Header photo courtesy of Norma Ryan, AKC Breeder of Merit
The Dandie Dinmont Terrier is renowned for his unique appearance as well as his literary connection. This long-bodied, low-to-the-ground dog is a member of the Terrier Group and while he exhibits some typical terrier qualities, he also has some unique characteristics.
During the late 1600s, the Dandie Dinmont Terrier originated in the border country between Scotland and England. Breeders selected specific representatives of the rough native terrier to create a vermin hunter that would go to ground after otters and badgers. Dandie Dimont Terriers were recorded as a distinct breed around 1700, making them one of the oldest terrier breeds.
However, the Dandie Dinmont existed for more than 100 years before earning his distinguished name. Sir Walter Scott made these dogs famous in his novel Guy Mannering, which was published in 1815. Sir Scott owned several of the terriers and was so taken with their personality that he wrote them into his book. One of the book’s characters, a farmer named Dandie Dinmont, owned six of the dogs, and thanks to Sir Scott’s depiction, the breed became known as the Dandie Dinmont Terrier.
One of the characteristics that so enamored Sir Walter Scott is the fearlessness of the Dandie. According to Sir Scott, “they fear naething that ever cam’ wi’ a hairy skin on ‘t.” This, coupled with its loud and surprisingly low-pitched bark, makes the Dandie a valuable watchdog.
There are no straight lines on the Dandie. His long back curves up over his loins, and his head is large and domed. Even his tail is curved like a sickle, being described in the breed standard as a “scimitar,” a type of curved sword. The Dandie Dinmont is a relatively short dog, standing 8–11 inches at the top of the shoulder and weighing between 18–24 pounds.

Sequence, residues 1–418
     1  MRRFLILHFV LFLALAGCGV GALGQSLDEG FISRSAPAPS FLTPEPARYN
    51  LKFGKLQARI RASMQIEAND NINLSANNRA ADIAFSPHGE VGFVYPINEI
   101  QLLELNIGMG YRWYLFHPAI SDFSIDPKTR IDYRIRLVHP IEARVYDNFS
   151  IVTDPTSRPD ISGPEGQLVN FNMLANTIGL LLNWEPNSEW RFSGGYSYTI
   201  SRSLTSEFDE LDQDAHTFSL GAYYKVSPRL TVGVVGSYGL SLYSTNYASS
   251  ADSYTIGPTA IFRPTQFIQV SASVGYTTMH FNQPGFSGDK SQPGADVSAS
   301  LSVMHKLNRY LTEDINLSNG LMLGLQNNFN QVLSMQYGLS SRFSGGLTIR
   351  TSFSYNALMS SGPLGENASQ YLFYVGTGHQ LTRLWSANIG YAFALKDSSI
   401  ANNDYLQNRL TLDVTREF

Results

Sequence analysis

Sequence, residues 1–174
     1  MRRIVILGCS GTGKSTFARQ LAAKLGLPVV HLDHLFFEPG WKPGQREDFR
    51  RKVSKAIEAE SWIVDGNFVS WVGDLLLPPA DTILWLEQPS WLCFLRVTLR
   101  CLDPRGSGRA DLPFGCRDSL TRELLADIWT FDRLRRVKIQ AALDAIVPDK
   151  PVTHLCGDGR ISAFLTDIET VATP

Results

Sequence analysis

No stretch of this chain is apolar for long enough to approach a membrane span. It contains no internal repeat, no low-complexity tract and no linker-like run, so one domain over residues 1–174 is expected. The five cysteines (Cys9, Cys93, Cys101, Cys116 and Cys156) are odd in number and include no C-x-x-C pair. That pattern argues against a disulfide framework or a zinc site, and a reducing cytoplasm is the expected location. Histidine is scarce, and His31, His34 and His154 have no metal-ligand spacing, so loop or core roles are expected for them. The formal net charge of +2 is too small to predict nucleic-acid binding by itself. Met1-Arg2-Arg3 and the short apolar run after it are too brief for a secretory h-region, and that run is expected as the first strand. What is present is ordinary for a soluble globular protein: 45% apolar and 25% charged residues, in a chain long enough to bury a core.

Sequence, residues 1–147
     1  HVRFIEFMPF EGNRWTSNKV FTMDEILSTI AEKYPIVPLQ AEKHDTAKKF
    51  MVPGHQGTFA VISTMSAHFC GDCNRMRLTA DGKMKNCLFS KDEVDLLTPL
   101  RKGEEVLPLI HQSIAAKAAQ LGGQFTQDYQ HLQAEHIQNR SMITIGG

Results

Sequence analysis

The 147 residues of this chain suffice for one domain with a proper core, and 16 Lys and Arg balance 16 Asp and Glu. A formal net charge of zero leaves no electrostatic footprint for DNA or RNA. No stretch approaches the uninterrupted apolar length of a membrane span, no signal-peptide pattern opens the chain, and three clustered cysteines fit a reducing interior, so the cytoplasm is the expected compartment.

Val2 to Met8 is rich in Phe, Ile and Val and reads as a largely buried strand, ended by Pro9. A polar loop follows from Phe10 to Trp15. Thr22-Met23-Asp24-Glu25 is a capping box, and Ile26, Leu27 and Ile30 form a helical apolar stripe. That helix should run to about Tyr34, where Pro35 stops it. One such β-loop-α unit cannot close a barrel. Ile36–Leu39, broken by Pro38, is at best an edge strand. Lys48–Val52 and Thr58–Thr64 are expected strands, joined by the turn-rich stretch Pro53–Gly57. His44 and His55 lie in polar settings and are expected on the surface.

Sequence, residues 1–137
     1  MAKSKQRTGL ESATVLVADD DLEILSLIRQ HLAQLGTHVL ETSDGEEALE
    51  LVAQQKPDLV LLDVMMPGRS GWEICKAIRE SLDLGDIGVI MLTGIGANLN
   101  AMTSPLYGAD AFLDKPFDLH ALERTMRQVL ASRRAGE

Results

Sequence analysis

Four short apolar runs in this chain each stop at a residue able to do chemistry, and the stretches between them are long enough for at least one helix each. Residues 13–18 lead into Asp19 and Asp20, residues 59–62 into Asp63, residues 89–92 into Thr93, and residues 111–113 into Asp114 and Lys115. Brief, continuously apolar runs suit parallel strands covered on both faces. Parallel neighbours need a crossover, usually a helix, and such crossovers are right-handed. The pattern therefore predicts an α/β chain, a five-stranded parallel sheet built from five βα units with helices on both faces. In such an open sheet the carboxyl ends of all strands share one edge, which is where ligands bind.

Dandies come in two colors. They can be pepper, which ranges from dark bluish-black to light silvery grey, or mustard, which varies from reddish-brown to pale fawn. The hair on the body is crisp, but the hair on the head, which grows in a characteristic full topknot, is much softer. The silkier the topknot, the better.
A Dandie’s coat is non-shedding, so they may be suitable for people with allergies. Unlike other breeds with continuously growing hair, like the Poodle, the Dandie’s coat has a set length, about two inches long. They don’t need to be clipped at the groomer, and in fact, shaving or clipping will ruin the coat. Instead, twice a year, the Dandie’s coat needs to be stripped (the dead hair removed). A thorough brushing and combing should also be done at least every other day.
Dandies are affectionate with their owners. They are patient and love to play with children, so are well suited to being family dogs. A good cuddle with their humans is right up their alley. Expect your Dandie to follow you around the house, although they are quiet household pets. They save their energy for walks and playtime.
Like many terriers, Dandie Dinmonts are independent, strong-minded, and smart. This can add up to some training challenges. They learn new behaviors quickly, but might not always do as you ask as soon as you ask. Be patient with your Dandie and train him using positive methods that emphasize motivation, so he will want to make you happy. They are able to adapt to any lifestyle, from a country life to apartment living, and will be happiest with a daily, brisk walk.
Learn more about the Dandie Dinmont Terrier in the video below.